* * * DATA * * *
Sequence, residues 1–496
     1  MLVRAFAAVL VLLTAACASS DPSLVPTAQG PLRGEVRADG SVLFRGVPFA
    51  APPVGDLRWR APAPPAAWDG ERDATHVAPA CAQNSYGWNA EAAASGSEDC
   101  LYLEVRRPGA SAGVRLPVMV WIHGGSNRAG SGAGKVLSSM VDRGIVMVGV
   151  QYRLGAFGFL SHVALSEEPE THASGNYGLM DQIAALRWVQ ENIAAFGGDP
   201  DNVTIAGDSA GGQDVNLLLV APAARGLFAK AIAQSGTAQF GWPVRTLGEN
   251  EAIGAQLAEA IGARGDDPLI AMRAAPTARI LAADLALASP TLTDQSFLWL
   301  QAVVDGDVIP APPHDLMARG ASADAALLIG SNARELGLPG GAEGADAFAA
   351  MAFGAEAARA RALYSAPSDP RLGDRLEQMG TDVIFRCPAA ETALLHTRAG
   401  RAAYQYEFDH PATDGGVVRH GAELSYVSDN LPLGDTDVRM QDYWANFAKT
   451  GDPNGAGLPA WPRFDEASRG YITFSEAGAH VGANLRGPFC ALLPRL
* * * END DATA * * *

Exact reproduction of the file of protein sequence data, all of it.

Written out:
Sequence, residues 1–496
     1  MLVRAFAAVL VLLTAACASS DPSLVPTAQG PLRGEVRADG SVLFRGVPFA
    51  APPVGDLRWR APAPPAAWDG ERDATHVAPA CAQNSYGWNA EAAASGSEDC
   101  LYLEVRRPGA SAGVRLPVMV WIHGGSNRAG SGAGKVLSSM VDRGIVMVGV
   151  QYRLGAFGFL SHVALSEEPE THASGNYGLM DQIAALRWVQ ENIAAFGGDP
   201  DNVTIAGDSA GGQDVNLLLV APAARGLFAK AIAQSGTAQF GWPVRTLGEN
   251  EAIGAQLAEA IGARGDDPLI AMRAAPTARI LAADLALASP TLTDQSFLWL
   301  QAVVDGDVIP APPHDLMARG ASADAALLIG SNARELGLPG GAEGADAFAA
   351  MAFGAEAARA RALYSAPSDP RLGDRLEQMG TDVIFRCPAA ETALLHTRAG
   401  RAAYQYEFDH PATDGGVVRH GAELSYVSDN LPLGDTDVRM QDYWANFAKT
   451  GDPNGAGLPA WPRFDEASRG YITFSEAGAH VGANLRGPFC ALLPRL